The Botanist’s Daughter by Kayte Nunn

I have to admit to this book not really being my cup of tea but we chose it for our gardening book club and so I wanted to read it. There is nothing awful about it apart from the romances which are bit players in the story, but nor is there anything earth shattering or terribly unique.

The story is a dual narrative, Elizabeth who in 1886 lived at Trebithick Hall in Cornwall and Anna who in 2017 lived in Sydney Australia. Anna is left a house by her Grandmother and when she knocks down a wall, a box is found that contains botanical paintings,a photograph, a necklace and some seeds in a bag. She germinates half of the seeds and plants them and then sets off on a quest to find out more about the paintings and people.

Elizabeth’s father is a botanist who travels abroad regularly but who recently died. He asked her to make the journey he had planned for after his death and to look for a plant that was very dangerous in the wrong hands but also very useful if you knew what you were doing with it. On one of her first trips to a valley in Chile where she was staying for a while, she found the plant but had no way of going back to get it for a long time. Damien Chegwidden was also on the hunt for the plant and he was not going to let anything get in his way.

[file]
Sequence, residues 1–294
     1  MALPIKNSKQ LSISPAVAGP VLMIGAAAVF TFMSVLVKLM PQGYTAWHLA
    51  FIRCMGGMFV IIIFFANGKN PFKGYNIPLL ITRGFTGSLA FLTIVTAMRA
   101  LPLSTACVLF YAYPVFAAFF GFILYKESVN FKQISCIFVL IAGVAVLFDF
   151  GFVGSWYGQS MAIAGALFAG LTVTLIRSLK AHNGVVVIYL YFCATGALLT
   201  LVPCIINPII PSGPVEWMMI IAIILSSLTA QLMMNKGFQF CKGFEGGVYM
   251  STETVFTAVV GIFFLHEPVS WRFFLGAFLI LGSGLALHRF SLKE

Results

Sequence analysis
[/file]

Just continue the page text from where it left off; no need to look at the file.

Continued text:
The two narratives run parallel for some time but eventually start to cross over and link with both women finding love, staying in a country they hadn’t originally planned on staying in and having the seeds to a plant that others want. There are no hidden meanings in the book, no depths to explore – what you see is what you get which does not make for a great discussion. I have struggled to even come up with any questions that we could get started with.

  1. Did the descriptions of the places conjure up any images for you?
  2. In an interview, the author mentioned that there were lots of red herrings in the book. Did you think there were? What were they?

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